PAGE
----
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SUGAR Volt is a hybrid aircraft concept proposed by a team led by Boeing Research & Technology, a division of Boeing. It is one of a series of concepts put forward in response to a request for proposals for future aircraft issued by NASA. It is proposed that SUGAR Volt would use two hybrid turbofans that burn conventional jet fuel when taking off, then use electric motors to power the engines while flying. SUGAR stands for Subsonic Ultragreen Aircraft Research, the "volt" part of the "SUGAR Volt" name suggests that it would be at least partly powered by electricity.
SUGAR Volt would have emissions about 70 percent lower than average airliners today. Noise pollution will also be lower than airliners today. This hybrid-electric approach however remains to be balanced against increased complexity, large electric engine and battery size and weight. While there are no high-power reciprocating engines in production for powering airliners anymore, this hybrid-electric approach also needs to be assessed against piston engines using modern technologies and driving ducted or unducted fans (propellers) : while relying partly on electic power might reduce specific fuel consumption (SFC) compared to a standard turbine-only design (turbofan or lower-consumption turboprops), ultra-low SFC have been demonstrated on large aeroengine developpements such as the Napier Nomad or the Wright R-3350 Duplex-Cyclone using Turbocompound Technology. Such Conversions from turboprop to piston-engines have been carried out, dramatically improving range and/or endurance, such as the Canadair CP-107 Argus anti-submarine patrol bomber of the cold war. More recently, albeit of much lower output, the Orenda OE600 engine was proposed to re-engine old smaller turboprop aircraft.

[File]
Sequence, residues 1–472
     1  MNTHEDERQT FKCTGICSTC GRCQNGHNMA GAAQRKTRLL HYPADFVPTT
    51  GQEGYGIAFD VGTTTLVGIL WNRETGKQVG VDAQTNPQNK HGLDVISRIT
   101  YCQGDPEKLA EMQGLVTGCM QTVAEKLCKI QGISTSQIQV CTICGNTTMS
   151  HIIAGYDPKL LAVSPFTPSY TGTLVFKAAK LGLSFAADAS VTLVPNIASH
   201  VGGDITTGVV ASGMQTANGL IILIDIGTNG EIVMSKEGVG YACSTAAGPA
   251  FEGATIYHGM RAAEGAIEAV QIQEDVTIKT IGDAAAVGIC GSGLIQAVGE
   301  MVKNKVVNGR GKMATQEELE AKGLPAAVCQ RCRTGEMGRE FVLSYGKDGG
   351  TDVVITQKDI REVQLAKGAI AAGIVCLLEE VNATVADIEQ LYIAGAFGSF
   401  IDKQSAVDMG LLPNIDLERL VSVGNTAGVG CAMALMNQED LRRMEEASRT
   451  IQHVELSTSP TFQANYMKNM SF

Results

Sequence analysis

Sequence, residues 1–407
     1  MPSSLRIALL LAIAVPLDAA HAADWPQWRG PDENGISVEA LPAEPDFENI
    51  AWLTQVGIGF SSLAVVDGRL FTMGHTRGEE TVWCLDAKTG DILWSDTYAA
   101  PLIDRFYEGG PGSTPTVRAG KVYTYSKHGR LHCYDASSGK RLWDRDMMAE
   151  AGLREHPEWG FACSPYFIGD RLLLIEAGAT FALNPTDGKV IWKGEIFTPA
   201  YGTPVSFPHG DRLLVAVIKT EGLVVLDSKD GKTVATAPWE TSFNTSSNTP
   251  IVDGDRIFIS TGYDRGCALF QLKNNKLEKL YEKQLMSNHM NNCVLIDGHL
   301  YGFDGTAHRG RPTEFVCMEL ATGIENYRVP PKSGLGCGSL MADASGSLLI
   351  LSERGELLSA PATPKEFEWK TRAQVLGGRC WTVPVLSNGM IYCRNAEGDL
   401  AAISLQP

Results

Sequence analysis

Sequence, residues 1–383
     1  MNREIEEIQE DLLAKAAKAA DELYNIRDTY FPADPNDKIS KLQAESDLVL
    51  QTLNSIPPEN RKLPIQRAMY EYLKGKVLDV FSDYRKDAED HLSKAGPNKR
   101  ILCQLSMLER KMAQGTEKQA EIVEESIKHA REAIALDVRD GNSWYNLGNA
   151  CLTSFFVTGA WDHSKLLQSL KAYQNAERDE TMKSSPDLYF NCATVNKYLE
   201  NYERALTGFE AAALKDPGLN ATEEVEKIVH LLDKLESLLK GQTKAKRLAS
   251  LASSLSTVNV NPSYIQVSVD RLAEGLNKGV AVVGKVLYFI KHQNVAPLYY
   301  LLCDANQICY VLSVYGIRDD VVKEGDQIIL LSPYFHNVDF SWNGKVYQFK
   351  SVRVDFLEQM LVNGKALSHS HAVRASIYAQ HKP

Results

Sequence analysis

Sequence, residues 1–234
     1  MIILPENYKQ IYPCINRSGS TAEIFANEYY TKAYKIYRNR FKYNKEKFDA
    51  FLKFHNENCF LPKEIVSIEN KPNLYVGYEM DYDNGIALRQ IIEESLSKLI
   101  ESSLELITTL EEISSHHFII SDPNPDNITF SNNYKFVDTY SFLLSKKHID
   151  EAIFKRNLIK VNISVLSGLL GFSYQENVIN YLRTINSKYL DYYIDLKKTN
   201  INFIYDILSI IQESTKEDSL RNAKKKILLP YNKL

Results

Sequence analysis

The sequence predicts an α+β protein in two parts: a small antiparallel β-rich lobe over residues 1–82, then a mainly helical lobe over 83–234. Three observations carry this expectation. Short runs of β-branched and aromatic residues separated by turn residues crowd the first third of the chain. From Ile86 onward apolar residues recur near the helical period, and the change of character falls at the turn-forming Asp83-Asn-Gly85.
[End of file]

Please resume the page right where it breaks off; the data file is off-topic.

SUGAR Volt is designed with a long, braced, high aspect ratio wing that decreases induced drag (i.e. due to lift). The wings of SUGAR Volt would enable it to take off in a shorter distance and generate less noise. This was first pioneered for Airliner applications as early as 1948 by french company Hurel-Dubois (now merged into SAFRAN aerospace group) with the Hurel-Dubois HD.10 demonstrator, and then the HD.31/32 and HD.34 full-size Aircraft (still in use with the French Institut Geographique National in the late seveties/early eighties). At some point there was even a turbojet-powered version HD.45 proposed to challenge the well-known Sud Aviation Caravelle, with no success (a probable mismatch between a high-consumption turbojet only good at high subsonic speed, and an airframe that was limited to low to medium speed). Unlike Hurel-Dubois Aircraft, the outer wings of SUGAR Volt would be hinged so they could be folded on the ground to save space, but would also increase the weight of the wing.
- Boeing producing battery-powered hybrid plane, NWCN
- Electric aircraft generates buzz at Oshkosh air show, Chicago Tribune
- Air show examines hybrid airliners, United Press International
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